There are three main access points to the park, from Zonqor Point, from the San Niklaw chapel area and from Ta’ Barkat in Xghajra. Should one be arriving by car, it is advisrable to park just outside the perimeter and walk at leisure within the park. If one is arriving by bus, the closest either board the Marsaskala or Xghajra buses. Malta Transport connects Xgħajra with bus number 94 from Valletta main station (alight at Church Street) and Marsaskala with bus numbers 92 (Żonqor) and 91 (alight at Marsaskala Dun Tarċis Agius Square). Be advised that there are no catering outlets or toilet facilities.

Unlike the UK and continental Europe, fields under cultivation in Malta are almost exclusively sown for vegetable crops and not used for grazing purposes due to the lack of grasses. Most of the fields in the upper tiers of the Inwadar National Park are tilled produce broad beans, onions, garlic, potatoes, tomatoes, clover and wheat. Visitors are to respect the farming community and refrain from opening gates or enter fields without the owner’s permission. One can however walk through any public passageways that are sectored by continious dry stone walls on their both sides and indicate a thoroughfare.

The entrance to the park is without payment. There are no visitor information kiosks at any entrance.

Given that the Inwadar National Park has just been established in October 2016 and is on the same site that was used as an unofficial dumping ground for decades, it is advisable to have adults accompanying children at all times. Although some parts of the coastline are exposed low lying areas, there are a number of inlets several storeys high and which have no physical fences or barriers. There are also areas were glass or ceramic chards, and other streams of domestic waste, including the remains of household appliances can be seen. These are gradually being cleaned up methodically in accordance to the national park management brief.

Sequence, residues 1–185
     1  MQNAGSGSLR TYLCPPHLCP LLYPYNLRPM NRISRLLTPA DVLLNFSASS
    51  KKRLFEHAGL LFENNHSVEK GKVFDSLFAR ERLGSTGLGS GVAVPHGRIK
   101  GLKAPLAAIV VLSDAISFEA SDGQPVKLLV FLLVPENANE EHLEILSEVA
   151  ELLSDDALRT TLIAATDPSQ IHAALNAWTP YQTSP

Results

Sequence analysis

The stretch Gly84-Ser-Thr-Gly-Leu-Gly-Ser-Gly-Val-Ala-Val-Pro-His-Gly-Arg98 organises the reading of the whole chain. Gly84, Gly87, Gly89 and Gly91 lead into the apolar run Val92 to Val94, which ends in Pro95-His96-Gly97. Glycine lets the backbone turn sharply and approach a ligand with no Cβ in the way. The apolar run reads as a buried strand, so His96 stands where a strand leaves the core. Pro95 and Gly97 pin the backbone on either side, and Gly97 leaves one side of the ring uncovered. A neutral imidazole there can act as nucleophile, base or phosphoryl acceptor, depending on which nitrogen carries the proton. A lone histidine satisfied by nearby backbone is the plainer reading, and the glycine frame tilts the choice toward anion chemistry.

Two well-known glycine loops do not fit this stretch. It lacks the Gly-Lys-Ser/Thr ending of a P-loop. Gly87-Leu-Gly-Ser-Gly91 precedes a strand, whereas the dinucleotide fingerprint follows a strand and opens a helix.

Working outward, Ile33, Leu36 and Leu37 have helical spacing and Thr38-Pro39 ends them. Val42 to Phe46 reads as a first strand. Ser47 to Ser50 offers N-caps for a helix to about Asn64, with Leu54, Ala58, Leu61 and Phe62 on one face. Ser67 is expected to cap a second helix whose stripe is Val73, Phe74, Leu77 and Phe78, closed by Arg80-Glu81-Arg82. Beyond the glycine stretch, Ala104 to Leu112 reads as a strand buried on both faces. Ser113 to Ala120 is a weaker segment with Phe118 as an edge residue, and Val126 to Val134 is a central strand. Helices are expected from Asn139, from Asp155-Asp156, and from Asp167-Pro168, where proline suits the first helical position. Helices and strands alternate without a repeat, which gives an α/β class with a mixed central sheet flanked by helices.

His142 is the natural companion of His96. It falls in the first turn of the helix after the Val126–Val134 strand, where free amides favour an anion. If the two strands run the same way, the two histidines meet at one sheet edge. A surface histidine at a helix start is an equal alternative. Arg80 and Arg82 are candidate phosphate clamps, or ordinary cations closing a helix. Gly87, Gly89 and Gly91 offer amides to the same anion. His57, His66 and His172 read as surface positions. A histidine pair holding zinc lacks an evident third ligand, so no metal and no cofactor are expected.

This is subject to one own interests. There are parts of the park that offer a rich diversity of flora, and areas that have not been altered by human occupation or exploitation. The inlets Il-Ġolf l-Iswed and Il-Ġolf tat-Tafal offer areas of  scenic natural beauty in the rock formations and turqoiuse waters. The numerous series of hundreds of salt pan complexes alongst the coastline also offer a close insight to our industrial heritage related to salt harvesting.

We are fortunate that, despite the substantial amount of dumping throughout the years, no trunking works for infrastructual services were ever made. However, please note that there is no electric power supply within the park so make sure that your mobile phone is well charged before going for a ramble.

Check the weather forecast beforehand. If it is going to be rainy, please note that there is minimal tree cover within the park and one is pretty much exposed to the natural elements. Make sure that you take a raincoat or anorak with you, as well as good walking shoes and are stocked with enough mineral water and food if spending the day. Take a walking guide to the area with you.

It is highly recommendable to refrain from foraging for wild plants within the park. Other than being given legal protection, they are largely inedible and may constitute an adverse effect if consumed. Malta’s largest mammal, the weasel (Mustela nivalis), has not as yet been sighted within the park.